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Effects of Target Characteristics on the Sighting and Arrest of Offenders at Burglary Emergencies

NCJ Number
Security Journal Volume: 24 Issue: 2 Dated: April 2011 Pages: 157-178
Timothy Coupe; Laurence Blake
Date Published
April 2011
22 pages
The purpose of this study is to make a number of contributions to understanding the relationship between target characteristics, and the sightings and arrest of burglars.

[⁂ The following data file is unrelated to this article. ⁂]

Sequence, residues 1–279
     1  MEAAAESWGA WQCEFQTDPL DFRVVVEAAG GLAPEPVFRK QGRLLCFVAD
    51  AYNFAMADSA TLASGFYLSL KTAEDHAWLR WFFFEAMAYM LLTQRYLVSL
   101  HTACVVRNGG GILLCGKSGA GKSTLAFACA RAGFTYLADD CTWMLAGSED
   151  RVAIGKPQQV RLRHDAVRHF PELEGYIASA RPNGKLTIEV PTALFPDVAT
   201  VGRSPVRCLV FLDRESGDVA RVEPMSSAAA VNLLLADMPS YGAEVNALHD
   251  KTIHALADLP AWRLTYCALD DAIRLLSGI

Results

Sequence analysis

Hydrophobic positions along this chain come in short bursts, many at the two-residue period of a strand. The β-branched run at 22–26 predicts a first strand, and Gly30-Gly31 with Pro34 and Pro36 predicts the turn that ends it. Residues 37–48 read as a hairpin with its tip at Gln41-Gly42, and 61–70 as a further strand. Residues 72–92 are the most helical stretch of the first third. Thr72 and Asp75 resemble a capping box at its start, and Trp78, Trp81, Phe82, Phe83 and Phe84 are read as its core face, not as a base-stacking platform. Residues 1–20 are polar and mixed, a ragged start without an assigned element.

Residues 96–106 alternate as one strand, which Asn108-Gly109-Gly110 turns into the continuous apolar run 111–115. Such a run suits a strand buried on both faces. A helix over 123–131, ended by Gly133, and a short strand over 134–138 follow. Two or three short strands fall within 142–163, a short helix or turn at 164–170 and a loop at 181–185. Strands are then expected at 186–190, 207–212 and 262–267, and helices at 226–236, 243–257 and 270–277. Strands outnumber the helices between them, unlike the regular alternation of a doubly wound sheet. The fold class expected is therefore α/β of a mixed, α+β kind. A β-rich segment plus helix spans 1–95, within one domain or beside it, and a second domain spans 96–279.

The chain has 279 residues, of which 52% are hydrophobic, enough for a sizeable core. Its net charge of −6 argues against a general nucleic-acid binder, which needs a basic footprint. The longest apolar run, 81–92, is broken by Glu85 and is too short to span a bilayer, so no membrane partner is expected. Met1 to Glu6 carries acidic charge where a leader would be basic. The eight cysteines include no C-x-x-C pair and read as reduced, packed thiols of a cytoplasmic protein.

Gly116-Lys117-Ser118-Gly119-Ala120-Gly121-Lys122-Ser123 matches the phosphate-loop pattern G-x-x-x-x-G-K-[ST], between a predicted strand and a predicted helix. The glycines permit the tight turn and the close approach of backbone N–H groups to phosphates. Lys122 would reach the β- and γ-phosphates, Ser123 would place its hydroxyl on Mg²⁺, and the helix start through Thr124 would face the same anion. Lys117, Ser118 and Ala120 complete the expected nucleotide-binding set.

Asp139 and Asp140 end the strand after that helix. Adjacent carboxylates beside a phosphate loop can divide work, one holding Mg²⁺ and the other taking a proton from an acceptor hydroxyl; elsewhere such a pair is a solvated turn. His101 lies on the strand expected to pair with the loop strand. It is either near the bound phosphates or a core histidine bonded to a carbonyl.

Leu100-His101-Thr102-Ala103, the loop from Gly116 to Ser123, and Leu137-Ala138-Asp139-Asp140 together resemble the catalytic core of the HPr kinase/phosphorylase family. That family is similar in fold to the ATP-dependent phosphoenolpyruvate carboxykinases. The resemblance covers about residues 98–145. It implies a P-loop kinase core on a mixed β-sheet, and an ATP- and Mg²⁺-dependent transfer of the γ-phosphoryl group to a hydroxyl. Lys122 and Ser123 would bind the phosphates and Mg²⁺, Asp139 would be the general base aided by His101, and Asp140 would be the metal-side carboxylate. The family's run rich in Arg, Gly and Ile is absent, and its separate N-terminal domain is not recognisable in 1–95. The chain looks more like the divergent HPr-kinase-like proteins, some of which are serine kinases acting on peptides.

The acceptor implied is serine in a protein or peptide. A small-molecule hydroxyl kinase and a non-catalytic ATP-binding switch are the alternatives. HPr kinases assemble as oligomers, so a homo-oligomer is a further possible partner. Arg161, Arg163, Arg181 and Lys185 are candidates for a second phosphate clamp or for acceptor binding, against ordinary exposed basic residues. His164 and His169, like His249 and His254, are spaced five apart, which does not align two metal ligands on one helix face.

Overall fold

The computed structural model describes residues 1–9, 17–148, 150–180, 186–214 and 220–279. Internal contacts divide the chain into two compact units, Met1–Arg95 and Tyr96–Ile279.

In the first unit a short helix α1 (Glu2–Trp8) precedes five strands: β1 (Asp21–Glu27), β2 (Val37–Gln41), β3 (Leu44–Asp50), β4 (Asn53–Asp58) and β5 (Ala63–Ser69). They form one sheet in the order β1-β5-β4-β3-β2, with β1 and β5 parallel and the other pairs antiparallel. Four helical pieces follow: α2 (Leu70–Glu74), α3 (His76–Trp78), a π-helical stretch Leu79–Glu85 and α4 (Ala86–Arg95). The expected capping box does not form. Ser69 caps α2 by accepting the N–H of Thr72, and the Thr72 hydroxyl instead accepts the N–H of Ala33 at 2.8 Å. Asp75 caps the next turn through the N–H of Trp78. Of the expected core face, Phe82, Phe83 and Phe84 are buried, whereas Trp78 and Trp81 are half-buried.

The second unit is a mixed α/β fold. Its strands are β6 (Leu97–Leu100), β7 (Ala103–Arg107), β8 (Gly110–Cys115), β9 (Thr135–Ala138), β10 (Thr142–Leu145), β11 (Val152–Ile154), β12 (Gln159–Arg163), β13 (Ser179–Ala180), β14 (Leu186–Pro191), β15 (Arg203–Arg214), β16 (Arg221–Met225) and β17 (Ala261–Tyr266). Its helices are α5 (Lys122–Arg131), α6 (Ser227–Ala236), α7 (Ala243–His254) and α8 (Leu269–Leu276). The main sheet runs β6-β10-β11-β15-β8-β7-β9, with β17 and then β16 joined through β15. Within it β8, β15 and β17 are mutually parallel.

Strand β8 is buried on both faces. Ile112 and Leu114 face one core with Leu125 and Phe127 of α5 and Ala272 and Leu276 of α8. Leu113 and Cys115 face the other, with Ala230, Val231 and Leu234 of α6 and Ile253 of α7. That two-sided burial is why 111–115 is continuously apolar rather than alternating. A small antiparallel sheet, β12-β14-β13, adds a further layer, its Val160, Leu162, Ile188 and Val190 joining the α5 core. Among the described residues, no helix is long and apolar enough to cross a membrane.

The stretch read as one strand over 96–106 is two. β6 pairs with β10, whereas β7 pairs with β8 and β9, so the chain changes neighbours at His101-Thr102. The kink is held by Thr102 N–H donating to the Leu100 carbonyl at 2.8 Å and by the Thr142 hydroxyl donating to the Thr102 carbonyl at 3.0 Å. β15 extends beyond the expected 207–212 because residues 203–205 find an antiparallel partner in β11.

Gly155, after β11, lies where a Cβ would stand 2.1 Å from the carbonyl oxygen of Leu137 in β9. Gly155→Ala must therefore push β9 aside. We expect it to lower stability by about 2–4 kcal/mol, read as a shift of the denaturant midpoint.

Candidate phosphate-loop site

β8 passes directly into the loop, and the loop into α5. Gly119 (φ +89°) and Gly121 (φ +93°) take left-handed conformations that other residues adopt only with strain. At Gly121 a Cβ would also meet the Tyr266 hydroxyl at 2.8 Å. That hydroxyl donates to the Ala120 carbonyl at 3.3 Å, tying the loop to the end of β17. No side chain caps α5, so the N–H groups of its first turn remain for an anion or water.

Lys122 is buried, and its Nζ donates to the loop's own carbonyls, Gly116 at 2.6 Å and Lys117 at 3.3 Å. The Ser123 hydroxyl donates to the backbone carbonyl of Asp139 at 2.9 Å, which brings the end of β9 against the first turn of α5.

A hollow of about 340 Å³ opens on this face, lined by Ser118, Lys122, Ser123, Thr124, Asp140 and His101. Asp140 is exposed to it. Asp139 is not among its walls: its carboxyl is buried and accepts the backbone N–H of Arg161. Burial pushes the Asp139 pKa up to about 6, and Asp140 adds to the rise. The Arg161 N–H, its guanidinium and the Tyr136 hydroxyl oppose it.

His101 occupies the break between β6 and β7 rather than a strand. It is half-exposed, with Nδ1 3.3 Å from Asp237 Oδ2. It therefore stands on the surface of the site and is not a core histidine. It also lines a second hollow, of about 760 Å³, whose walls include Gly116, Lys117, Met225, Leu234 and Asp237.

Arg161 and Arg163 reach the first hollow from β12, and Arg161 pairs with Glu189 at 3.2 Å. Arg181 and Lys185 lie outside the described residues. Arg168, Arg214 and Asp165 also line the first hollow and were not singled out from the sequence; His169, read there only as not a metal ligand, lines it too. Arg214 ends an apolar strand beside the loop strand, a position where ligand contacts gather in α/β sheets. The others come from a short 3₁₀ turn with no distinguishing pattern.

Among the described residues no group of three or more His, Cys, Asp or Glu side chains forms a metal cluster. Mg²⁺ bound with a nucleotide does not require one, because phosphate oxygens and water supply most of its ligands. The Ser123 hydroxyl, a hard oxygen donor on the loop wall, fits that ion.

This study is based on burglary site surveys, a questionnaire survey of police officers and incident logs. It is distinctive methodologically in relating target characteristics to burglar sightings and arrests. Target characteristics influenced the on-scene capture of burglars, partly through affecting how early in the burglary the offender was spotted, and, hence, how much time was available to the police to intercept them. They also affected capture by facilitating or hampering arrest after offenders had left the crime scene. Cover from vegetation and darkness, poorly lit streets, rear alleyways and poorer neighbor-target inter-visibility led to later sighting of burglars that, in turn, lowered the chances of an arrest. When property was occupied at night, there were fewer arrests because of the darkness and because many offenders realized they had been seen or heard, and fled the scene. In contrast, more daytime sightings were by neighbors so that the prospects of capture were better. Daylight vegetative cover and better-lit streets after dark modified offender exposure, directly affecting the prospects of an arrest. Although spotted later, burglars were highly vulnerable to arrest after leaving targets with rear alleys after dark. (Published Abstract)


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